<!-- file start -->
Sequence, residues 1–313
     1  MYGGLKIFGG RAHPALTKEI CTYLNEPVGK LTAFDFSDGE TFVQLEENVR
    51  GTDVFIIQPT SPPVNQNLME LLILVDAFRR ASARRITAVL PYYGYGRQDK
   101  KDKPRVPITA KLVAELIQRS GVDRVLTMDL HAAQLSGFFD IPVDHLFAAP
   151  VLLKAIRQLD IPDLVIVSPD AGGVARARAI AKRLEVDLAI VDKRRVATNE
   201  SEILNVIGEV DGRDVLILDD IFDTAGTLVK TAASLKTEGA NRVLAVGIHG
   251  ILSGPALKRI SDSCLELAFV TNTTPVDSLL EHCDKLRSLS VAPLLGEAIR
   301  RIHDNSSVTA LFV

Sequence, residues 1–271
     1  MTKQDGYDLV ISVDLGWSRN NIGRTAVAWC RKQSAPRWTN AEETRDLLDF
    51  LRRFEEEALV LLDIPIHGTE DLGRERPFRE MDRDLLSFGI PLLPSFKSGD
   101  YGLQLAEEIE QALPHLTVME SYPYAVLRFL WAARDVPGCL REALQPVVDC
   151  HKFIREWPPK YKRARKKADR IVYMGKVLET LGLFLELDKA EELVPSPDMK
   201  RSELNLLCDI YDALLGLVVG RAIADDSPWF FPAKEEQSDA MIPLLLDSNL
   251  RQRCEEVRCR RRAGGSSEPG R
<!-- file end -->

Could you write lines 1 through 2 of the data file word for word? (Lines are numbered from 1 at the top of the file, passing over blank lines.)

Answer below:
Sequence, residues 1–313
     1  MYGGLKIFGG RAHPALTKEI CTYLNEPVGK LTAFDFSDGE TFVQLEENVR